Written by James Stickland, CEO of Veridium (FinovateEurope 2017). Originally published in FinTech Futures.
Consider this terrible dichotomy: while the average person’s application count has gone up significantly, corresponding end user cyber-security measures have gone up little, if at all. Between the app store, social channels, and the multitude of devices in use, a person’s threat landscape – the number of points from which a hacker could target them – has increased dramatically. As a result, the end-user is enormously reliant on enterprise and application providers to keep their data secure when they use these apps.
Cifas recently reported that cyber-enabled identity fraud has hit record levels in the U.K. – with younger users amongst the top targets. This seems counter-intuitive, as this demographic is certainly more tech-savvy. However, someone aged 18-21 may not be as protective of their finances as someone in their mid-40s. The younger generation doesn’t have distinguished user behavior (i.e., they haven’t opened or closed credit cards or taken loans) so it’s difficult for banks to determine what’s normal for them.
Banks have an endless amount of sensitive customer data in their possession and are under pressure to generate increased revenue per user, which means multiple touch points with single clients. This is proliferating the problem by creating increasingly complex client maps and insertion points where hackers can find their way in. Companies are working furiously to thwart attacks, but there are some very straight forward approaches that institutions should be taking to stop the attacks before they occur.
Why aren’t banks doing anything about it?
The cybersecurity problems are clear and the news headlines tell the story. In fact, in 2016, the five biggest data breaches all involved compromised, weak or reused passwords. So why isn’t anyone doing anything about this? One of the key drivers is a risk aversion to putting off customers, or complicating employee access. Anytime you require a change in behavior you can expect a backlash. For example, what would you do if suddenly your expectation of what was required to use an online account changed? Institutions think they are making passwords safer by requiring them to be more complex. In the end, this approach is self-defeating and delusional. It’s not making us safer, it’s putting us at a higher risk and defeating the original plan.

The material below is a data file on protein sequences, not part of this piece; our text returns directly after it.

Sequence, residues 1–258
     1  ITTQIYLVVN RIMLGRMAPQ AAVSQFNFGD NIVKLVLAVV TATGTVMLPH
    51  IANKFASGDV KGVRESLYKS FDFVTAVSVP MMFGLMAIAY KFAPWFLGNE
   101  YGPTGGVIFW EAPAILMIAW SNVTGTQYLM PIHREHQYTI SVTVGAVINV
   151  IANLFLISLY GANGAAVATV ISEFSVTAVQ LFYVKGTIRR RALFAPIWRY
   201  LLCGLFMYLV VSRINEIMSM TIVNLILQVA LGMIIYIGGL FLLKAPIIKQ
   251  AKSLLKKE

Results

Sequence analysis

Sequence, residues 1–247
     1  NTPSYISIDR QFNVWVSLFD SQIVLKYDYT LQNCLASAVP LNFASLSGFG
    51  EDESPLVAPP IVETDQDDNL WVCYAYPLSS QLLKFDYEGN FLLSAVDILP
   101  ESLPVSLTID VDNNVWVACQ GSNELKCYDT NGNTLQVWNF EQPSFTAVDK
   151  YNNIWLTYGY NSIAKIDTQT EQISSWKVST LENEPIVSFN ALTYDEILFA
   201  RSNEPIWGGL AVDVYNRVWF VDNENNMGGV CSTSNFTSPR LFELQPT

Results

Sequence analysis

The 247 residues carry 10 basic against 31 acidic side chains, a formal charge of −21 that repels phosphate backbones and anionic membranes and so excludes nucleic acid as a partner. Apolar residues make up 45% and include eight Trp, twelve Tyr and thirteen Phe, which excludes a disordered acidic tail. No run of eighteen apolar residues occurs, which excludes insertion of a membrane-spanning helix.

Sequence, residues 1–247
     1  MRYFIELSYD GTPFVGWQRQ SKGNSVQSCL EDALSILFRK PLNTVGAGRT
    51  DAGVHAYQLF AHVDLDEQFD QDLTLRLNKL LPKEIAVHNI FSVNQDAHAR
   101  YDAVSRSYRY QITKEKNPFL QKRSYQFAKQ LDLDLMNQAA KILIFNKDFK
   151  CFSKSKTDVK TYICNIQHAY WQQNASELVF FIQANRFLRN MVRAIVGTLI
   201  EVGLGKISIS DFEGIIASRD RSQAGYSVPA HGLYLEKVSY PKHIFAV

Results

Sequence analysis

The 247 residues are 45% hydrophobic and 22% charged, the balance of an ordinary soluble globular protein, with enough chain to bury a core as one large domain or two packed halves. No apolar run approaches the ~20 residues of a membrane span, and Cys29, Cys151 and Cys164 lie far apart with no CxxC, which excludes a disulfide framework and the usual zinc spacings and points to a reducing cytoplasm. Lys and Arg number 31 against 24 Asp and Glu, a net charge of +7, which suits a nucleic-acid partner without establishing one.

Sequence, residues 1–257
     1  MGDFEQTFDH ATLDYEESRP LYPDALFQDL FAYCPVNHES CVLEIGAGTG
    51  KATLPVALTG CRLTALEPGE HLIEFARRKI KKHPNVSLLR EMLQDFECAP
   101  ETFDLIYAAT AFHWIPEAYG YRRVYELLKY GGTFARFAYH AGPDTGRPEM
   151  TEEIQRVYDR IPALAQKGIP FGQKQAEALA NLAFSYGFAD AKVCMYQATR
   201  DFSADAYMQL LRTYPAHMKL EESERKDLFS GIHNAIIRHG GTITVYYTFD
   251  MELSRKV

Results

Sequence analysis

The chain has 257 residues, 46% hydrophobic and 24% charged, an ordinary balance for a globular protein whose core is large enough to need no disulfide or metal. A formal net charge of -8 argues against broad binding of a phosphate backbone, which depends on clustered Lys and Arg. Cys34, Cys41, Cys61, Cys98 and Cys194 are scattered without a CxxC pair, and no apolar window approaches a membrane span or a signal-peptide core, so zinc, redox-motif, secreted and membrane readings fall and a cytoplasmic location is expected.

What can we do in the finance industry?
Financial companies are filled with high-value assets and have been making the attack landscape more complex through better and more intelligent firewalls, managed rules, and policies. There has also been a segregation of the data, isolating high value content and adding end-point and data-specific security. Yet, security is never a finished project; it is an ever-evolving beast and hackers have an incentive to keep getting smarter. So how can we stay alert and act?
1. Take away the easy entry points
Passwords are an easy entry point. Enterprises set rules and requirements in an attempt to maintain security: increase the number of times a user needs to change their password, set guidelines that say the password can’t have been used before, or it must include seven characters. Yet, adding rules doesn’t change the issue behind the password.
2. Update security questions
Previously, companies didn’t have to consider the social aspect. It wasn’t a concern that someone could find out your mother’s maiden name or your high school mascot just by checking your Facebook; personal details were less accessible. This is not the case today. Consider how simple it is for hackers to research and uncover those answers.
3. Kill the password
Weak and compromised passwords continue to be a major attack point for hackers, and the costs for maintaining them are high. Even with these issues and if your password policy hasn’t been compromised, passwords don’t prove you are you – they just prove you know something about who you say you are.
Biometric authentication allows you to prove you are who you are through a variety of methods – face recognition, iris recognition, fingerprint scanning, and behavioral authentication. It offers your customers the ability to quickly and conveniently access their accounts, avoid forgotten and misplaced passwords, while increasing security and a fit for the digital age.